Since 2014 HMRC appears to have won every single high profile case it brought. Tens of thousands of high net worth individuals who had entered, in good faith, into arrangements that they were led to believe would result in legally enforceable tax mitigation schemes suddenly found, years later, that they are not enforceable. The Finance Act 2014 brought in Accelerated Payment Notices. These have enforced the underlying principle of “pay first, challenge/argue later”. The cases involving tax avoidance have predominantly resulted in decisions that were not favourable to the high net worth individuals. The negative message this has conveyed has discouraged many from not seeking legal advice, either because they believe nothing can be done or the people who actually sold them the schemes have advised them not to seek legal advice.
A 2014 case shows that such individuals are able to seek damages from those that misled them, were reckless as to the dangers, did not undertake their role properly or who were actively negligent. Bieber & Others v v Teathers Limited (In Liquidation) 2014 EWHC 4205 (Ch) is a case that demonstrates that even if the tax avoidance scheme fails, the resulting action from those involved should not despairingly capitulate but with resolve identify those against whom an account should be sought following the benefit of review and discussion with a law firm known for being effective and experienced in this technical field. .
The Bieber case consists of a group of 220 high net worth individuals who invested in a series of film and television production partnerships formed by the Defendant and which were known as the “Take” partnerships. The 220 people invested £20 million. The schemes ultimately invested in the wrong products, made huge losses and did not achieve the tax advantages that were expected, so they all collapsed. The members of the partnerships sought damages from the defendant company that sold them the scheme. That company went into administration.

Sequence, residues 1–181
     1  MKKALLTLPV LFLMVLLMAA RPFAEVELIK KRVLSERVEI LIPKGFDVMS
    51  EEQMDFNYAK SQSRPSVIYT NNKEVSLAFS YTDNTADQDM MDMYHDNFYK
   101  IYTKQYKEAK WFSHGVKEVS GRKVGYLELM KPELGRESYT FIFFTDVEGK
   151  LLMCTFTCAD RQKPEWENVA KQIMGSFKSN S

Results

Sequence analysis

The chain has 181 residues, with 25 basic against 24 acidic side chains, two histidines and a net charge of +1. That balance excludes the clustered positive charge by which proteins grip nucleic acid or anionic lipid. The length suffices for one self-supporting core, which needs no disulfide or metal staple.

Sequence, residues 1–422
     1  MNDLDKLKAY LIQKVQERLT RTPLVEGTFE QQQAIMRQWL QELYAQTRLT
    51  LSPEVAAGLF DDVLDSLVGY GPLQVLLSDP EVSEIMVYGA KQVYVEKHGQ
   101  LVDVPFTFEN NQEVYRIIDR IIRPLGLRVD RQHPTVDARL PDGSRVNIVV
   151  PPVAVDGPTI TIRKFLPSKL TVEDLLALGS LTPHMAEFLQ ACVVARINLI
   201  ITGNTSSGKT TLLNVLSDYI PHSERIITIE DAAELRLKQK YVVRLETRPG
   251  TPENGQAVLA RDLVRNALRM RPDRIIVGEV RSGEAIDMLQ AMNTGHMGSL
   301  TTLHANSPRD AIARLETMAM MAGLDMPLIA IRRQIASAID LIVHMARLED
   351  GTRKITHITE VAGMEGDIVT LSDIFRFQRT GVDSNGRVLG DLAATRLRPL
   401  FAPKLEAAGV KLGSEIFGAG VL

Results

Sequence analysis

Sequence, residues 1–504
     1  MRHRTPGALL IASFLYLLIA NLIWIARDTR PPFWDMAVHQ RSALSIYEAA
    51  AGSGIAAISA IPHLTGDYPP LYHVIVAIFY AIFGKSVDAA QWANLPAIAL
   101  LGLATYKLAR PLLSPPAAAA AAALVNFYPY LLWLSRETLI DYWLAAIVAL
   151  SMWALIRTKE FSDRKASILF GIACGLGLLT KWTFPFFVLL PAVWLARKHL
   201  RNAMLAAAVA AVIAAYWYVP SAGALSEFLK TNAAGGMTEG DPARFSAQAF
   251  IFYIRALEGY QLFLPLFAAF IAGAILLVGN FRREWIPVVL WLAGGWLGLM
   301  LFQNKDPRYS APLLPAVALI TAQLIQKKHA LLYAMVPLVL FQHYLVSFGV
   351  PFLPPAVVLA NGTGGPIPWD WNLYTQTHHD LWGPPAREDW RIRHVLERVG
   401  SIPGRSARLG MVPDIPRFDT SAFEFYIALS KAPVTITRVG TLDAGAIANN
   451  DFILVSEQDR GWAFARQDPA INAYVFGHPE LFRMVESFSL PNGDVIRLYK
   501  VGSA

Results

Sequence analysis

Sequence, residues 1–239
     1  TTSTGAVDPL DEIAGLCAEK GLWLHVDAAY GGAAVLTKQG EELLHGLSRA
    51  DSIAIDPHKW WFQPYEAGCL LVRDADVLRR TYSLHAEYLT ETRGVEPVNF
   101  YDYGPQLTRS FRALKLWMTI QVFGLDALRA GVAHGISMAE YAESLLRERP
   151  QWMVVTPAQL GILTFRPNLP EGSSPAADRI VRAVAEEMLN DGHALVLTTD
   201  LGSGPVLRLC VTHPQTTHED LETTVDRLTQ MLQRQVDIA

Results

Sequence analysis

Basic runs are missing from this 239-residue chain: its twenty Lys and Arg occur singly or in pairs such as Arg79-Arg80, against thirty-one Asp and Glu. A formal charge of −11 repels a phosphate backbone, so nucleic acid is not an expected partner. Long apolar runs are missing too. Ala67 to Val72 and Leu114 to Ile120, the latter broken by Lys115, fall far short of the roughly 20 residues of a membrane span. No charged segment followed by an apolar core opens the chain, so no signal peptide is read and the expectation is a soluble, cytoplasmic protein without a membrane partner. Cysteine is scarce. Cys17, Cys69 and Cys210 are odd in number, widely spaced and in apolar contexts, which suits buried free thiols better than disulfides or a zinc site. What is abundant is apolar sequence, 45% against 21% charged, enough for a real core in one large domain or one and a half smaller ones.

An agreement was reached between the parties that the claimants would settle for £10 million that the scheme had remaining. It was half of the sums put into the scheme, but it shows that a compromise can be reached and the losses suffered by the individuals that have been advised to invest in such film and music production companies can successfully pursue the company and the people behind such schemes. We often find that there are many potential defendants for such issues including the scheme itself, others who set up the scheme and, more especially, those that actively sold the schemes. As noted here, in appropriate cases where there is a real commonality of fact and legal issues it is even possible to bring multiple claimants together to mitigate some of the costs of litigation.
berg has been at the forefront of litigation for 35 years. berg’s litigation team is highly experienced in financial claims litigation including issues in relation to tax avoidance.
If you are or were a party to schemes that you believe have been over-turned or are being challenged by HMRC we recommend that you speak now to a member of berg’s litigation team. We work in partnership with tax advisors and can assist you if you receive an APN or if you are faced with the possibility that a scheme you are a party to is being challenged by HMRC. We can assist you in reaching a practical and commercial outcome with HMRC and consider a claim against the provider of the scheme or your financial advisor.
To find out more about the issues raised in this post, or to discuss any queries regarding banking and financial disputes please call +44 (0) 161 829 2599 email firstname.lastname@example.org
The information and opinions contained in this article are not intended to be comprehensive, nor to provide legal advice. No responsibility for its accuracy or correctness is assumed by berg or any of its partners or employees. Professional legal advice should be obtained before taking, or refraining from taking, any action as a result of this article.